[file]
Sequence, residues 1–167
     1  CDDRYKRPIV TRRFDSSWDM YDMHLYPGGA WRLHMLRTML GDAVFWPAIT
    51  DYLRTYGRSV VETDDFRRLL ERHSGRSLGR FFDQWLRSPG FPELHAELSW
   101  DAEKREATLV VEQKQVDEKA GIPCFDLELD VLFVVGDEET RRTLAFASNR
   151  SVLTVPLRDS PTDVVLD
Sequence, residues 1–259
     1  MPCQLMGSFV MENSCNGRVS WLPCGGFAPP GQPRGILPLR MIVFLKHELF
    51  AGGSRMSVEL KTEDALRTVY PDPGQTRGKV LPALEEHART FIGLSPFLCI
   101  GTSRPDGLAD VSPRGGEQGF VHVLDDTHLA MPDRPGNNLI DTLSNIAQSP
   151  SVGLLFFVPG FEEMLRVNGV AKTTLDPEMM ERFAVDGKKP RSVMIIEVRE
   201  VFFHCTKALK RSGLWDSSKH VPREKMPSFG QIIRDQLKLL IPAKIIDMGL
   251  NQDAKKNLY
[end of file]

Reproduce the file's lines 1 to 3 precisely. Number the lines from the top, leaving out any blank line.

Sequence, residues 1–167
     1  CDDRYKRPIV TRRFDSSWDM YDMHLYPGGA WRLHMLRTML GDAVFWPAIT
    51  DYLRTYGRSV VETDDFRRLL ERHSGRSLGR FFDQWLRSPG FPELHAELSW